Tape is king of the cold archive, but as data needs grow and the line between cold and active archive continues to blur, it might have to share the court with some new entrants.
Tape is a well-established archive player, being performant, energy-efficient and low in cost. But several archive alternatives such as optical disks, data etching on ceramics and DNA polymer, which share these tape characteristics and can achieve similar results, are looking to soon bring new tech to market.
Archive is becoming increasingly important, and has been for decades, according to Marc Staimer, president of Dragon Slayer Consulting.
"IT people -- storage people -- are some of the most risk-averse people you'll ever meet," he said.
But now it turns out that being risk averse could be valuable to businesses, as IT admins have continued to oversee sprawling data storage programs, Staimer said. Analytics and AI have enabled the value of this data. But to reap that value, companies need to be able to store it and access it. For a long time, tape storage has been the answer.
Christophe BertrandAnalyst, Enterprise Strategy Group
For any archive option to share in tape's dominance, it will have to solve the problem of scale, according to Christophe Bertrand, an analyst at TechTarget's Enterprise Strategy Group.
"Whoever is going to be able to do storage at scale, meeting performance requirements as well as advanced use cases, could potentially replace the spot where tape is," he said. "But tape is not standing still."
Magnetic tape has been used in data storage since the 1950s, just before the onset of hard disk drives and about a decade before flash memory came about. Today, tape comes in two form factors -- Linear Tape-Open (LTO), and enterprise tape or TS11xx -- and is widely used in archives. Beyond its high density of up to 150 TB compressed and low costs, tape is difficult for nefarious actors to gain access to given its physical air gap, and it only consumes energy while in use.
Tape has also kept up with the times, now fully supporting object data. And it continues to prove to be adaptable, according to Matt Ninesling, senior director of tape portfolio management at Spectra Logic. Data management vendors such as Hammerspace are now extending their file systems to tape to better utilize the media as well.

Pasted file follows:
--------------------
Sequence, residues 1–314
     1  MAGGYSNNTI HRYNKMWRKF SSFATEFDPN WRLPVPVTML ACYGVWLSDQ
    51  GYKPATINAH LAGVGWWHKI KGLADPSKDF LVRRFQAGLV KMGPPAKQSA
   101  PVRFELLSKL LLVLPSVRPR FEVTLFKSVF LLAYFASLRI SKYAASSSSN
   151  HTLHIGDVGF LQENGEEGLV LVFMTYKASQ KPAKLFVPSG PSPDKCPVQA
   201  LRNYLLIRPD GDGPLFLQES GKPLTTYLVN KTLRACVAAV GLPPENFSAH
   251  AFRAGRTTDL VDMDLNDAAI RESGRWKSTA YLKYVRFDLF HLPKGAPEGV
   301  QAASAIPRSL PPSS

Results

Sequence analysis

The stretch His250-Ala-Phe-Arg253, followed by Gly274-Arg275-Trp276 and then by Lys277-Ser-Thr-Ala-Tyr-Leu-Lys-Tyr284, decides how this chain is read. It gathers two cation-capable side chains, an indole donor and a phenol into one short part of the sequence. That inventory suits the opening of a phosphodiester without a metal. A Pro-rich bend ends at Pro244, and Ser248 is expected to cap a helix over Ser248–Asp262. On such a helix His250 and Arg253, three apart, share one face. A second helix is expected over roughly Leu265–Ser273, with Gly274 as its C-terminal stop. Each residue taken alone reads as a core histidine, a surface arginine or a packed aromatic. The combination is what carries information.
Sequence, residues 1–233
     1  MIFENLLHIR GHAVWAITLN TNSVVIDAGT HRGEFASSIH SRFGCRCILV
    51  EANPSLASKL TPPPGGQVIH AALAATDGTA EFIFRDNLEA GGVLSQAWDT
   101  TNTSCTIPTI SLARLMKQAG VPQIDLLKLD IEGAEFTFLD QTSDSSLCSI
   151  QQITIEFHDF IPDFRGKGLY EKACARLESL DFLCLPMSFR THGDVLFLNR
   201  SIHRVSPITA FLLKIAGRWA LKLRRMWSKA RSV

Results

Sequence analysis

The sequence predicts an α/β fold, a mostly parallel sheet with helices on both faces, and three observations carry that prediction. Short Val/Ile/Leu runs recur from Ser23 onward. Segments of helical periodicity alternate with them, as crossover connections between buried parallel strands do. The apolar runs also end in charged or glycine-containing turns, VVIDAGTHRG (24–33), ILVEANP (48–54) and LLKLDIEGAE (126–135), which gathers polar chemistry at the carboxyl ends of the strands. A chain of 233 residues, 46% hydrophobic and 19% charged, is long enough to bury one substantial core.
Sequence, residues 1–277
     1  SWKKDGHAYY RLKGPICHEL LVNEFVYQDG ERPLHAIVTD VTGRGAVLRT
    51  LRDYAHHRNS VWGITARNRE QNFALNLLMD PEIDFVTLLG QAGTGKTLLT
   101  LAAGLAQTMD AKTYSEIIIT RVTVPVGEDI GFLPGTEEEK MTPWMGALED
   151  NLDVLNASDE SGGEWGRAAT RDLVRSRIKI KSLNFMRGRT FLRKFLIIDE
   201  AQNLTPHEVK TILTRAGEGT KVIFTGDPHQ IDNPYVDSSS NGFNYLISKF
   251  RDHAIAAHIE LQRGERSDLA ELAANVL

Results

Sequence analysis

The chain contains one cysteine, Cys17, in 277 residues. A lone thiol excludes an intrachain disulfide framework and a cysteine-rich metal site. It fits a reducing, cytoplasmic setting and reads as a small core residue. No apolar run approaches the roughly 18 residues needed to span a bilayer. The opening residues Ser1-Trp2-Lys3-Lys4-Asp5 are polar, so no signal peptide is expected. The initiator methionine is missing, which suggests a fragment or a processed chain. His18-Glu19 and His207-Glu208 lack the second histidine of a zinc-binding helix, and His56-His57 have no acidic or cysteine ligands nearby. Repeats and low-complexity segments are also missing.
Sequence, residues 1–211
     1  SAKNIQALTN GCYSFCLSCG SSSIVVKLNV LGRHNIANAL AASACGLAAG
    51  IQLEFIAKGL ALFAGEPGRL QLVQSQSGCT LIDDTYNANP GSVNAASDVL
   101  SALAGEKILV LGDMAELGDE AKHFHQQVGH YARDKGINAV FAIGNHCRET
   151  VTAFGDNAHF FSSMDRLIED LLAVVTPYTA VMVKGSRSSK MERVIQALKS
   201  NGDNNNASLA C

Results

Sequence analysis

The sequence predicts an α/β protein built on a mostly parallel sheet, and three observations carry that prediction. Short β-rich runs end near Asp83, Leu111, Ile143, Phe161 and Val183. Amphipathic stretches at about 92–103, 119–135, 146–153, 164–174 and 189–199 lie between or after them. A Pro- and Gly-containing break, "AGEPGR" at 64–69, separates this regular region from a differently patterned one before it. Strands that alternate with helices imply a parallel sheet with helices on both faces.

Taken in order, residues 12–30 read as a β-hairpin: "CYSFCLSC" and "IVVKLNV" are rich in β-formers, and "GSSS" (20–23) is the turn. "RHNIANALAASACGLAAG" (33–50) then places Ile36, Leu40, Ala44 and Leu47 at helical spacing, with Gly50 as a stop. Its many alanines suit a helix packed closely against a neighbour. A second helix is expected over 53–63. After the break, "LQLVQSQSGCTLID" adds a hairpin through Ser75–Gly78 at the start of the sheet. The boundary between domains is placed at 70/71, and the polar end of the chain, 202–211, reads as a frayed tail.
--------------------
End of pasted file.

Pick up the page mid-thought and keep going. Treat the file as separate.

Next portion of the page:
Another advantage of tape is that when looking at its roadmap, the production lines won't have to change in order to produce higher densities, Bertrand said.
Tape has found a place for both cooler data such as backups and cold data such as archives, according to Rich Gadomski, head of tape evangelism for Fujifilm and a director of the Active Archive Alliance, which helps guide and implement modern active archive strategies. Once data goes cold, customers can't afford to keep it on spinning disk, which is where tape comes in.
Different spinning disks
But estimates of persistent data that needs to be stored are increasing into the tens of zettabytes by the end of the decade, Gadomski said.
To help tackle the growing archive needs, companies might want to consider alternatives.
"If what the prognosticators say is true, and we are faced with this incredible avalanche of data, it is not a bad idea to have other technologies," he said.
Optical disk drives, commonly thought of in the form of Blu-rays, are one such example. Optical disks plateaued at a set layer count, limiting density until recently. In 2022, Folio Photonics unveiled a new fluorescent film that was capable of increasing the storage per disk from 128 GB per disk to 500 GB to 1 TB per disk, or 10 TB per disk pack. Folio, which hopes to bring its new technology to market before 2026, is targeted at $5 per terabyte, which would be lower than LTO.
As Folio moves closer to a commercialization date, CEO Steve Santamaria isn't looking to replace tape outright. Instead, he's focused on specific use cases where things such as time to first byte -- the time it takes to access and retrieve the first bit of data stored -- and better random access to data are desirable. He also said hyperscalers are looking for different, cheap cold storage options.